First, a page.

Pollsters are always on the lookout for opinions and trends, and the waning days of 2017 provide a ripe opportunity for investigating what we've thought about and our hopes for 2018. In the not-so-great category, what words or phrases irked the largest number of people? And of course there's all those New Year's resolutions — will we make them? Will we keep them?
We spend over $73 billion annually on state lotteries. What is that all about?
Routinely, lawyers are required to solve problems that they themselves created. If something like this were to occur in any other area of life, it would be called racketeering. So beware, science. A lawsuit-happy nation turns its eyes to you.
Having children means also having their stuff. For those of us who are organizationally challenged, this stuff tends to pile up. Clothes and toys, shoes, toys, books, toys, oh - and more toys.
This time of year, it's not uncommon for people with children to have "getting rid of old toys" somewhere toward the top of the list of New Year's resolutions. This year, there is science to motivate that resolution.
A new study published in Infant Behavior and Development shows that cleaning out those old toys may actually improve kids' play.
Value-based healthcare, everyone wants it. But like blind men touching the elephant, describing one part or another, what we mean by value depends on who we are.
Open displays of bipartisanship are rare these days and, as such, should be applauded. Unfortunately, a recent example of bipartisanship promotes junk science and bogus health claims.
In a press release, Democratic Congressman Jared Polis and Republican Congressman Mike Coffman announced their intention to launch the Integrative Health and Wellness Caucus. That sounds nice, until you realize that "integrative" and "wellness" are code words for "alternative medicine."
What'cha gonna do when they come for you? If "they" are the Department of Justice and you are a pharmaceutical or healthcare company or even a physician, you settle.
This isn't really about fat cats — the real ones or the rich ones — rather it's about the results of being overweight or obese. According to the CDC, there are 13 types of cancer that are linked to obesity. As one might expect, as the prevalence of obesity increases, so does the prevalence of these cancers.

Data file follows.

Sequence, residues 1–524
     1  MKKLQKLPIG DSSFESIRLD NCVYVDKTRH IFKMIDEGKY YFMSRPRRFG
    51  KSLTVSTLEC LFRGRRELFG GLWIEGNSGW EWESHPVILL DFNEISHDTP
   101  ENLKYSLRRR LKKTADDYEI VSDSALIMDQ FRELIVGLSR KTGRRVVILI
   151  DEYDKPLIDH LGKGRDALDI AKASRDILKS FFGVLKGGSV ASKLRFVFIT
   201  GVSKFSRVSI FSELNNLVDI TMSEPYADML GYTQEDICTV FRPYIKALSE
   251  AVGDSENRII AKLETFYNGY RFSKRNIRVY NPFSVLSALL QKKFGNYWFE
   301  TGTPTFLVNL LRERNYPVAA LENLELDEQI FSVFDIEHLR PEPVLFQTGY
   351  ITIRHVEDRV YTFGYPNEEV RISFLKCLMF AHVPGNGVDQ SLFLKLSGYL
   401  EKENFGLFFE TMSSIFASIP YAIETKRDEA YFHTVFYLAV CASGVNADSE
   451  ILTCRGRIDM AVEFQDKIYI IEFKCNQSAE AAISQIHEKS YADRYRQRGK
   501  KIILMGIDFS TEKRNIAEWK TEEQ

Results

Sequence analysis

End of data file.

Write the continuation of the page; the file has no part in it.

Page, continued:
I'm not feeling a lot of love for Amazon right now. Used to be a great company. But it's a little disturbing that the company is cutting its inventory. You can no longer buy a circumcision practice kit in Britain! What's next?
More motorcyclists die in the United States when riding at night under a full moon.
A recent study analyzing decades of data show this to be the case, so it's not conjecture. But what is not absolutely known is whether full moons – and the attention they possibly draw away from a motorcyclist's main safety task – are the cause of the higher incidence of fatal accidents.
ACSH is in the business of promoting evidence-based science and debunking junk science. That rubs some people the wrong way.
Those in Hollywood are in a unique position to do tremendous good given their substantial platform. Unfortunately, with that megaphone comes immense responsibility. So, let’s take a look back this year at what we learned from Tinseltown--good, bad and indifferent.
Everyone makes mistakes. Sometimes, it is easy to make the same mistake twice.
But, eight times? That's a different story.
A group of researchers have been caught publishing the same image in multiple papers and the retractions are starting to pile up.
For the general population, fueling a $6-8 billion supplement habit, Vitamin D, and Calcium supplements do not prevent hip fractures.
This year brought about a number of public discussions surrounding not only less mainstream medical conditions, but also physically and emotionally challenging and ethically complex ones. Check out which ones made the spotlight.
When a drug receives FDA approval for a particular use a physician can then legally prescribe that drug for other conditions. This is called off-label use and it is very common. Depending on the disease and population, about half of the prescriptions that are written are for different indications than those for which the drug was approved. A few examples:
The appearance of FDA approved gene therapies is at the top of the list of exciting health and science advances of 2017. Following on the tails of two cancer therapies approved earlier this year, a third therapy received approval just before the New Year - this time for vision.
Location is everything. Hospital-based outpatient care is far more expensive than the same care provided in a physician's office. $2.7 billion more expensive, why?
A few times per year we have a meeting of the Trustees of the American Council on Science and Health, to discuss issues like finances (1), to discuss nominees for our Board of Scientific Advisors, and our general direction.
Among our Trustees is Fred Smith, the founder of Competitive Enterprise Institute (CEI), which promotes the benefits of free markets. I certainly agree with them on that (2). At our November meeting Fred asked for a spot on the agenda to talk about how we can better talk about science policy without getting into politics.
How do patients needing chronic health care, with no insurance, in this case, undocumented immigrants, fair? That is a decision made by the states and can impact their lives and our finances.